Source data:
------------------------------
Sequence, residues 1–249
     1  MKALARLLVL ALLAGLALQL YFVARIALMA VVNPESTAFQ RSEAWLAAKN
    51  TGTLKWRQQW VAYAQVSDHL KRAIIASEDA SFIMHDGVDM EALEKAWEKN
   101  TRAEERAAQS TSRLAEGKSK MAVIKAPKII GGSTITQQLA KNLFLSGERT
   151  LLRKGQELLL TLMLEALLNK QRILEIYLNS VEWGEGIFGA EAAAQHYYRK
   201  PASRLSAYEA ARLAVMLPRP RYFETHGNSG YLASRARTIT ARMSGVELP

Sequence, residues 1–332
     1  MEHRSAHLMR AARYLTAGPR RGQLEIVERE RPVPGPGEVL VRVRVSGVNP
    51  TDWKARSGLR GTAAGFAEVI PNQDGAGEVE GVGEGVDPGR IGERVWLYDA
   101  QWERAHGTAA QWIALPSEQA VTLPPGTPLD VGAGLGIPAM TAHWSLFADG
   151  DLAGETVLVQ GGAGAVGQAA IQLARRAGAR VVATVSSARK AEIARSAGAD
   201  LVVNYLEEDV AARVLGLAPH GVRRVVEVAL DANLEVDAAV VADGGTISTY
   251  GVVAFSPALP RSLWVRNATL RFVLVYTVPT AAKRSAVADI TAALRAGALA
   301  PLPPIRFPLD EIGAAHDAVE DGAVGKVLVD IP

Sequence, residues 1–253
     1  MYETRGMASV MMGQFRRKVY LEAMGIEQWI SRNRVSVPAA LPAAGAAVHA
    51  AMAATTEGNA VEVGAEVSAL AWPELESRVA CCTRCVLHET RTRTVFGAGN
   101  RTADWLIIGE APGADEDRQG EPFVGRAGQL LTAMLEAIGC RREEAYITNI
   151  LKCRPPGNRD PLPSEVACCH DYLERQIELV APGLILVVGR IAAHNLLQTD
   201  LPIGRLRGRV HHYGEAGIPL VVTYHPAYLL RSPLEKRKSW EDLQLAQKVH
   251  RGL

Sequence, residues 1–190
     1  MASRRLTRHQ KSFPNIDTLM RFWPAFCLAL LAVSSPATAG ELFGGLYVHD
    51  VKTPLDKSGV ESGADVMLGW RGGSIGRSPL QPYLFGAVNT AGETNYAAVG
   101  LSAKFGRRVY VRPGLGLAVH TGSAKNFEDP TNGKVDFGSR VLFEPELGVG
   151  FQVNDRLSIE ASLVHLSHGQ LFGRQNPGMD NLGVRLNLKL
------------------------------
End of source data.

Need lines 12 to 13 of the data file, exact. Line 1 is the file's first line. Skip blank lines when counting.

   201  LVVNYLEEDV AARVLGLAPH GVRRVVEVAL DANLEVDAAV VADGGTISTY
   251  GVVAFSPALP RSLWVRNATL RFVLVYTVPT AAKRSAVADI TAALRAGALA